Linux trashes NT in 'real-life' tests

Bloor tests give Linux the nod in eight out of nine criteria

Open source operating system Linux has turned the tables and triumphed over Windows NT in simulated "real life" lab tests carried out by UK firm Bloor Research.

Although this is just the latest bout in the ongoing battle between the industry leader of server systems and the popular open source challenger, it is the first time that the OSs have matched up in an environment designed to simulate real working conditions.

The contest covered nine separate categories: OS availability, User Satisfaction and Value for Money, Support, Scalability, OS Interoperability, OS Functionality and Application Availability. Windows NT only came out on top in the category of Application Availability.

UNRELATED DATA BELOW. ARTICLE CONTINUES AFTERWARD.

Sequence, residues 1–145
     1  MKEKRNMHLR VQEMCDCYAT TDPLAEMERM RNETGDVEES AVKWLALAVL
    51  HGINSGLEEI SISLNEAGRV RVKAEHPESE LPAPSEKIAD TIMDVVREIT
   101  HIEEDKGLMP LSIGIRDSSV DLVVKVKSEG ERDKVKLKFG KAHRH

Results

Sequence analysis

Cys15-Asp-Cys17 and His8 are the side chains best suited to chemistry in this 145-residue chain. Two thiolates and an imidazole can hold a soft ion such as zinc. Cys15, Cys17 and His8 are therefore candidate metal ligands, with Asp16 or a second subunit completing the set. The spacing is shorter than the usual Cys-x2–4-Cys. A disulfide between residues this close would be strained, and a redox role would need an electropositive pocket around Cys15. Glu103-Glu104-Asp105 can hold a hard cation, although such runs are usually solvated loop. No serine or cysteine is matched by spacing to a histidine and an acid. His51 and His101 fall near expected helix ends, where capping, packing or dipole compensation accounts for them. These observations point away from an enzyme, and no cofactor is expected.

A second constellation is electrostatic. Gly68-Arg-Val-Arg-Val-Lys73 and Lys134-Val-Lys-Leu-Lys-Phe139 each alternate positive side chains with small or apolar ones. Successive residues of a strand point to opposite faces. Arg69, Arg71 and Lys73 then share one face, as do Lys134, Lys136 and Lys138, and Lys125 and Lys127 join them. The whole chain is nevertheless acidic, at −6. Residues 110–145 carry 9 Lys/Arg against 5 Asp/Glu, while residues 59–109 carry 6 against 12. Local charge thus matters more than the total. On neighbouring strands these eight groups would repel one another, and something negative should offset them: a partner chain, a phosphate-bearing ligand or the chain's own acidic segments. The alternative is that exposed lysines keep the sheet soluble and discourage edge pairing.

The research carried out by Bloor also indicated the most appropriate situations in which to use Linux and Windows NT. It argues that Linux is better suited as a print server, file server and Web server, while NT is more appropriately applied as a mail server, a database server and a groupware server.

Bloor Research based its findings not just on benchmark lab tests but also on consultations with those using both operating systems in genuine working environments.